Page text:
The first mirror for the Giant Magellan Telescope (GMT) is now completed. This first 8.4-meter (27.5-foot) GMT mirror is the most challenging large astronomical mirror ever made.
Becoming operational in the next decade under dark southern-hemisphere skies, GMT will lead a new generation of giant telescopes that will explore planets around other stars and the formation of stars, galaxies, and black holes in the early universe.
"Our partnership in the GMT will help the University of Texas retain its status as one of the top astronomy programs in the United States," said McDonald Observatory director David L. Lambert. "It will give our faculty, researchers, and students access to the world's largest telescope and technology well into the future."
The telescope's seven mirrors are being built by optical scientists and engineers at the University of Arizona's Steward Observatory Mirror Laboratory.
"There's only one place in the world that can make these mirrors, and that's the University of Arizona Mirror Lab," says Edward Kolb of the University of Chicago.
This first GMT mirror is the most challenging large astronomical mirror ever made. By the standards used by optical scientists, its "degree of difficulty" is 10 times that of any previous large telescope mirror.
Engineers have polished the mirror into an unusual, highly asymmetric shape that ultimately will fit into a single 25-meter (82-foot) optical surface composed of seven circular segments. Altogether, the seven mirrors working together will provide more than 380 square meters, or 4,000 square feet, of light-collecting area for the telescope.
The Giant Magellan Telescope will peer more deeply into the universe's hidden history than humans have ever attempted. Scientists say the instrument's combined mirrors will be sensitive enough to detect a candle on the moon, or to see the face on a dime 200 miles away.
"When we study the evolution of the universe we can use telescopes as time machines," says Edward Kolb. "Larger telescopes allow us to look farther out in space and further back in time to probe the very earliest history of the universe."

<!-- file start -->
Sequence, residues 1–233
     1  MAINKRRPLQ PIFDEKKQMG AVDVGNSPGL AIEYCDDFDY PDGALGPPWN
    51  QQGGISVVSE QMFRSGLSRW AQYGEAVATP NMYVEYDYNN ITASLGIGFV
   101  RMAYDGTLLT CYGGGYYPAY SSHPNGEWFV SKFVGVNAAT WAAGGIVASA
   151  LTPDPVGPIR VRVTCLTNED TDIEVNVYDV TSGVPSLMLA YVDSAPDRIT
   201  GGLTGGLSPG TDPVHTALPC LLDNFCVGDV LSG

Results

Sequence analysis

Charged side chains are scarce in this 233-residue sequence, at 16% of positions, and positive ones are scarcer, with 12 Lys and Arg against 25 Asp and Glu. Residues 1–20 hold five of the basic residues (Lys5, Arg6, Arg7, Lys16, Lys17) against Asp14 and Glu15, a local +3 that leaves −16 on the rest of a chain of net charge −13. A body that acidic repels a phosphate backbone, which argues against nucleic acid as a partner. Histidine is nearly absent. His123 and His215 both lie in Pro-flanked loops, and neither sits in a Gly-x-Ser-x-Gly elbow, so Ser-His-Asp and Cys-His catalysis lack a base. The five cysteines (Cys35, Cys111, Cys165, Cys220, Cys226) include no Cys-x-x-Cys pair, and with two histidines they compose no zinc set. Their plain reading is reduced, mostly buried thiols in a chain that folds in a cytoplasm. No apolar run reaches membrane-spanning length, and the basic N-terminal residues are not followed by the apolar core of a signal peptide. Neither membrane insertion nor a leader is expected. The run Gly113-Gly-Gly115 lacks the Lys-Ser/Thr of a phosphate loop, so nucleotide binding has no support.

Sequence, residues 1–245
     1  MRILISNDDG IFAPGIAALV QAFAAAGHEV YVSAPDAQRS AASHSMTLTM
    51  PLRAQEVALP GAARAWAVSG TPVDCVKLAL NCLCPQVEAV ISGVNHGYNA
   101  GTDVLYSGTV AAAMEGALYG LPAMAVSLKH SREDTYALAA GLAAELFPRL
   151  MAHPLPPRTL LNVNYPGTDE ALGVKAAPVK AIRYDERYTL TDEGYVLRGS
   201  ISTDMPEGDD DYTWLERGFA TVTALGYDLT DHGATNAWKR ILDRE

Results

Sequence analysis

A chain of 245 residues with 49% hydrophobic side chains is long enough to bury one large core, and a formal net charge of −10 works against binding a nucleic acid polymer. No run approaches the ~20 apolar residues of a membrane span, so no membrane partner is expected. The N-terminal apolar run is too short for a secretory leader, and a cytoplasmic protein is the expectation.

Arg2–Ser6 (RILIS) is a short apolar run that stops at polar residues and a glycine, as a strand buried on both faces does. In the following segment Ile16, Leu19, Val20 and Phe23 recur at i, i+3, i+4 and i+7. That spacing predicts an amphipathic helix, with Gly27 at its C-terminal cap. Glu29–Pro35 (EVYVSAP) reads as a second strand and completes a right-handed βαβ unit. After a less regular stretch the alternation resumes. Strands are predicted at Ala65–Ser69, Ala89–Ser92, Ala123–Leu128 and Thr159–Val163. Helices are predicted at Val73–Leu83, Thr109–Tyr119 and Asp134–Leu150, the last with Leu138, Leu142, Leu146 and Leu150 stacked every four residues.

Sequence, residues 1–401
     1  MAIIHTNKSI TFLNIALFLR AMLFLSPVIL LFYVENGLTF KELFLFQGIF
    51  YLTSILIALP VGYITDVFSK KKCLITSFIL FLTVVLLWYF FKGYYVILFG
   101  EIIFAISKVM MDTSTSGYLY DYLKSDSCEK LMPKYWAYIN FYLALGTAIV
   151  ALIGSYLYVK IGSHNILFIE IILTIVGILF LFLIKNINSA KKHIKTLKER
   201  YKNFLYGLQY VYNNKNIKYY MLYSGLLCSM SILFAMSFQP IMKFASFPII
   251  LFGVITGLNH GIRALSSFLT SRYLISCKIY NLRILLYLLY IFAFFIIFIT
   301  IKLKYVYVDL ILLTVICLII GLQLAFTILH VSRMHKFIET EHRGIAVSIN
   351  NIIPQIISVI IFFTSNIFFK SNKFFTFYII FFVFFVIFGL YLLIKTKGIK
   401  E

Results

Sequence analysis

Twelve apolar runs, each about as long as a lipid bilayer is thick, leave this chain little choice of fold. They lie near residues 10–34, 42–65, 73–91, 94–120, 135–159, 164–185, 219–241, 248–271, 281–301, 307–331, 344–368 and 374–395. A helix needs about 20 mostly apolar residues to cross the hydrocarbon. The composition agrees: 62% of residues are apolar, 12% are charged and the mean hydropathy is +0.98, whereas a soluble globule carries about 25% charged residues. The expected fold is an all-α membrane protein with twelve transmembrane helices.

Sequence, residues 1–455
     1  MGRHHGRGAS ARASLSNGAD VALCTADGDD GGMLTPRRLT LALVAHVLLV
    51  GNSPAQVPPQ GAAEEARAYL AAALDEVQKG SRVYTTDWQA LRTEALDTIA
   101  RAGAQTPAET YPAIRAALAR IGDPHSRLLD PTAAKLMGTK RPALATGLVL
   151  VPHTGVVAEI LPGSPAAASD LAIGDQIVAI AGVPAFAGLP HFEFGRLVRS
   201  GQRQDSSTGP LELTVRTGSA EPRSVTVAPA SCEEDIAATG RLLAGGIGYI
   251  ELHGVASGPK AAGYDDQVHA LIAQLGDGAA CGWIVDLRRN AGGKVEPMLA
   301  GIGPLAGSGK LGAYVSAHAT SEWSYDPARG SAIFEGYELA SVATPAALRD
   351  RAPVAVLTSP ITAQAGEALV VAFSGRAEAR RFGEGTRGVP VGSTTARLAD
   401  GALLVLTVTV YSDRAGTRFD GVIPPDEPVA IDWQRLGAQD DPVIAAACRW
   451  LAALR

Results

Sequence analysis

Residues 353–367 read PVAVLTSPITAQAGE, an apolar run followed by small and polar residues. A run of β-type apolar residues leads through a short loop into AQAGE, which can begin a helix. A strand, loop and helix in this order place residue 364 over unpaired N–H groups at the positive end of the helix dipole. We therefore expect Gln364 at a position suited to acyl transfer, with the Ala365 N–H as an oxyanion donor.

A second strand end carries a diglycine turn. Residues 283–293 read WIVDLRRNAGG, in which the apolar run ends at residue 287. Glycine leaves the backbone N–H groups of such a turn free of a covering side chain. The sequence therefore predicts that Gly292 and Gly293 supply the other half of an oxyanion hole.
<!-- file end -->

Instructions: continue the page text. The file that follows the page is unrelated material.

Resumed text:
"The Magellan Telescopes will be our tool in optical astronomy for the next 10 years. Beyond that is the Giant Magellan Telescope," says Kolb.
The GMT will combine seven 8.4-meter primary mirror segments operating together as if they were part of a single, 24.5-meter telescope. Its capabilities will exceed those of even the Hubble Space Telescope.
The GMT will address some of the biggest questions in astronomy, including how dark matter affects the movements of galaxies and galaxy clusters, and the role that dark energy has played in the evolution of the universe.
"We know that the universe is made of 74 percent dark energy, 22 percent dark matter, and 4 percent ordinary matter," says Hsiao-Wen Chen, Assistant Professor in Astronomy and Astrophysics at the University of Chicago. Chen is especially interested in the search for "dark" ordinary matter. This is the stuff of stars, planets, and people, yet two-thirds of this dark matter remains missing.
"The missing matter underscores a serious shortfall in our knowledge of the growth of the visible universe," says Chen, who has made many trips to Las Campanas to use the twin 6.5-meter Magellan Telescopes for her research.
The GMT is part of a long-term ambition to understand the nature of dark matter and dark energy, and to glimpse the formation and evolution of extrasolar planets, stars, galaxies, and black holes.
Partners in the GMT organization include the University of Texas at Austin, Texas A&M University, the Carnegie Institution for Science, the Smithsonian Institution, Harvard University, the University of Arizona, the University of Chicago, Astronomy Australia Ltd., the Australian National University, and the Korea Astronomy and Space Science Institute.